220,000 disabled to win back payments

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DISABLED people were thrown off benefits in their hundreds of thousands by private assessors Atos and then Capita, and left penniless to face eviction and starvation.

Now, after the government was defeated in the High Court, some 220,000 disabled people will be compensated for their loss with two years’ worth of the benefits they were denied. Furthermore, every single person receiving Personal Independence Payments (PIP) will have their claim reviewed, the Department for Work and Pensions said yesterday. This amounts to a total of 1.6 million people.

It was in December that the High Court ruled that Tory cuts to benefits ‘blatantly discriminate’ against people with psychiatric problems and are ‘a breach of their human rights’. Last week, new Work and Pensions Secretary Esther McVey announced the government would not appeal against the judgment.

This means that payments will be backdated to the original tribunal decision in November 2016.

Shadow work and pensions secretary Debbie Abrahams said: ‘The government was wrong to cut PIP benefits in the first place, wrong to bring in the PIP regulations last year and it was wrong to repeatedly ignore the views of the courts.’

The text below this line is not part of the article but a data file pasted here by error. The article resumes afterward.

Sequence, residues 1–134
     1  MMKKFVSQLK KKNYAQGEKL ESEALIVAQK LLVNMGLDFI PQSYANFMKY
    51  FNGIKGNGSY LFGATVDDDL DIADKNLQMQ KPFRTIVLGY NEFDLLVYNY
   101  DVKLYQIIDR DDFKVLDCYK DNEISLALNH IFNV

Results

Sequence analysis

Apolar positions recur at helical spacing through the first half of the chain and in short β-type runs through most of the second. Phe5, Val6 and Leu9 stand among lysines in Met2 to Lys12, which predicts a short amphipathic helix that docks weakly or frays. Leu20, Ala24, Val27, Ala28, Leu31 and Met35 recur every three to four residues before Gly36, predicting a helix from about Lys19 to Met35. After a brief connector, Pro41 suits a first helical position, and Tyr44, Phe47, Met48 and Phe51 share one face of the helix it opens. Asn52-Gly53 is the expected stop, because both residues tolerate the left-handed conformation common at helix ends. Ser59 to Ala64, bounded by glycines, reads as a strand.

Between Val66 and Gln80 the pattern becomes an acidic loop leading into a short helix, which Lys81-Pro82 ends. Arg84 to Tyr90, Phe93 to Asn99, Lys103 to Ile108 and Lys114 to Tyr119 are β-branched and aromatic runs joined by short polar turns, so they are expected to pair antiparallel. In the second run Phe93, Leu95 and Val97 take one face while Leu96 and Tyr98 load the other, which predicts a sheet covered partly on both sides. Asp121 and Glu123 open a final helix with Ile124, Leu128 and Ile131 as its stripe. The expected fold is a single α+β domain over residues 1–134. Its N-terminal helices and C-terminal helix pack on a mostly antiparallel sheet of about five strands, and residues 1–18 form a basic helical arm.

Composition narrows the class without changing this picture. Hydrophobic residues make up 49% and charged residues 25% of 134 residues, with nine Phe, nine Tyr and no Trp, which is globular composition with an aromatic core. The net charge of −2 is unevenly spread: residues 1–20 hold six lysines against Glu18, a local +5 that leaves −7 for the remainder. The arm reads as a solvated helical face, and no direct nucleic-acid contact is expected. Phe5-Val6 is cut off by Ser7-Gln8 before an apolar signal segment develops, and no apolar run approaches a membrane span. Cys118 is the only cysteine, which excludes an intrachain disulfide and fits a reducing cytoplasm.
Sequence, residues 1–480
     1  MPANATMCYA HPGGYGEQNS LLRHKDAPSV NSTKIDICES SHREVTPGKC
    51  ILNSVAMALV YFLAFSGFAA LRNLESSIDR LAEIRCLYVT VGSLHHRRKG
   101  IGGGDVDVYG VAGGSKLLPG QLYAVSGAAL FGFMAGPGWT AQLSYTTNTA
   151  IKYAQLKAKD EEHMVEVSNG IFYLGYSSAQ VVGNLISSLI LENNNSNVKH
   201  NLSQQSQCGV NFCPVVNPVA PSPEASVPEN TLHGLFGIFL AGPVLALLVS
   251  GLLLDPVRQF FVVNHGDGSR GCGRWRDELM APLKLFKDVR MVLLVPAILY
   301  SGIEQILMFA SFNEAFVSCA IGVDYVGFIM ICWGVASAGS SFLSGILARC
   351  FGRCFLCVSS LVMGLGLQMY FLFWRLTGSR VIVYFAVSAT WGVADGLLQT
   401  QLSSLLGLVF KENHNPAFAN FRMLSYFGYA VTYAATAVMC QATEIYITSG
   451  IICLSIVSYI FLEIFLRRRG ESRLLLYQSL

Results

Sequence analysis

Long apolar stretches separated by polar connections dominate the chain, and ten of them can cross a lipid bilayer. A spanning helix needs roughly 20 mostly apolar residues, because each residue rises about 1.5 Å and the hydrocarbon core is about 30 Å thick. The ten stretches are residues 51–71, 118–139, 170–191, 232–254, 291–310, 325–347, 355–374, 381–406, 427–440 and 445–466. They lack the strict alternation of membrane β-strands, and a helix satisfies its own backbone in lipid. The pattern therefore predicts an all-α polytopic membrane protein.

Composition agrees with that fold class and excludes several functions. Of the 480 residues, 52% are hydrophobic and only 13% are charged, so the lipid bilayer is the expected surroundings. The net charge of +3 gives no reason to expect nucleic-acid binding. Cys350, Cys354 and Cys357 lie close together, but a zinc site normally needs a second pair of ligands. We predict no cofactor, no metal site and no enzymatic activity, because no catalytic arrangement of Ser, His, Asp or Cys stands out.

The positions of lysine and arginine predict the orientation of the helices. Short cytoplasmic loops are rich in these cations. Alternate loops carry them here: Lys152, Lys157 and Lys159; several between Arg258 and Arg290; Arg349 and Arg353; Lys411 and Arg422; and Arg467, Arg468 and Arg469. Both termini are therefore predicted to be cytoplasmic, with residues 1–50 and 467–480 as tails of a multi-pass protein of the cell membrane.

In one example Keith Thompson, who lives with bipolar disorder, had his PIP reduced from £420 to £220 because he did not score enough points on his assessment. He was initially told he would receive no PIP payment, but that was later reviewed and he was informed he would receive a minor PIP, rather than the full amount.

Atos and Capita are being paid hundreds of millions of pounds by the government to force disabled people to attend assessment interviews. Not only is it very difficult for disabled people to get to the assessment centres, especially if they have no specialised transport, but they are then subjected to a gruelling assessment.

Dave Wiltshire, secretary of the All Trade Unions Alliance, said: ‘Both the private assessment companies and the Tories are hated in equal amounts. Disabled people are fighting back, organising demonstrations outside assessment centres up and down the country, even chaining their wheelchairs together to block the roads outside Whitehall.

‘They cannot be left to fight alone! The entire working class must be mobilised to back up their struggle with a general strike to bring down the Tory government, and bring in a workers government to abolish the assessments and give disabled people all the finances and assistance they need.’